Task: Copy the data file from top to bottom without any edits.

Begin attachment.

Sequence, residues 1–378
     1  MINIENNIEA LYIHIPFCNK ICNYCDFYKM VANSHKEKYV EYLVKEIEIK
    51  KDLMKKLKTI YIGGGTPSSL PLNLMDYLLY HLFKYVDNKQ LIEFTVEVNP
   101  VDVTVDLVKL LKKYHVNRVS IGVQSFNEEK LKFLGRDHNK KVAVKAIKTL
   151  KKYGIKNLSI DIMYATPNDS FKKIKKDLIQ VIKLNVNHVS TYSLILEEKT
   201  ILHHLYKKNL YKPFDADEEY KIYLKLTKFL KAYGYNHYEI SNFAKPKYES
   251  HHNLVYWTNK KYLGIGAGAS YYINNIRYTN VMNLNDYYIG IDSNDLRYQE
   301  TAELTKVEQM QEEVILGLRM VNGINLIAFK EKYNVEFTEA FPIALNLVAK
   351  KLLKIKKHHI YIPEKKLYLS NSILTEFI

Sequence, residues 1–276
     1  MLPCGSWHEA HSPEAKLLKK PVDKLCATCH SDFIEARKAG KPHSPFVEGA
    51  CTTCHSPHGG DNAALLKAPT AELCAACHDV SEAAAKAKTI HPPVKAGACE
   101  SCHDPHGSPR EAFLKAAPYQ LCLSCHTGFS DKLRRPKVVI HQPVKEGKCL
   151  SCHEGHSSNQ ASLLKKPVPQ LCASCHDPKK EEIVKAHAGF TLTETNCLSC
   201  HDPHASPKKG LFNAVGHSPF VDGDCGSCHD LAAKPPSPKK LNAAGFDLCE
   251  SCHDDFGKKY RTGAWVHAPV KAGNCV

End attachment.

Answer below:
Sequence, residues 1–378
     1  MINIENNIEA LYIHIPFCNK ICNYCDFYKM VANSHKEKYV EYLVKEIEIK
    51  KDLMKKLKTI YIGGGTPSSL PLNLMDYLLY HLFKYVDNKQ LIEFTVEVNP
   101  VDVTVDLVKL LKKYHVNRVS IGVQSFNEEK LKFLGRDHNK KVAVKAIKTL
   151  KKYGIKNLSI DIMYATPNDS FKKIKKDLIQ VIKLNVNHVS TYSLILEEKT
   201  ILHHLYKKNL YKPFDADEEY KIYLKLTKFL KAYGYNHYEI SNFAKPKYES
   251  HHNLVYWTNK KYLGIGAGAS YYINNIRYTN VMNLNDYYIG IDSNDLRYQE
   301  TAELTKVEQM QEEVILGLRM VNGINLIAFK EKYNVEFTEA FPIALNLVAK
   351  KLLKIKKHHI YIPEKKLYLS NSILTEFI

Sequence, residues 1–276
     1  MLPCGSWHEA HSPEAKLLKK PVDKLCATCH SDFIEARKAG KPHSPFVEGA
    51  CTTCHSPHGG DNAALLKAPT AELCAACHDV SEAAAKAKTI HPPVKAGACE
   101  SCHDPHGSPR EAFLKAAPYQ LCLSCHTGFS DKLRRPKVVI HQPVKEGKCL
   151  SCHEGHSSNQ ASLLKKPVPQ LCASCHDPKK EEIVKAHAGF TLTETNCLSC
   201  HDPHASPKKG LFNAVGHSPF VDGDCGSCHD LAAKPPSPKK LNAAGFDLCE
   251  SCHDDFGKKY RTGAWVHAPV KAGNCV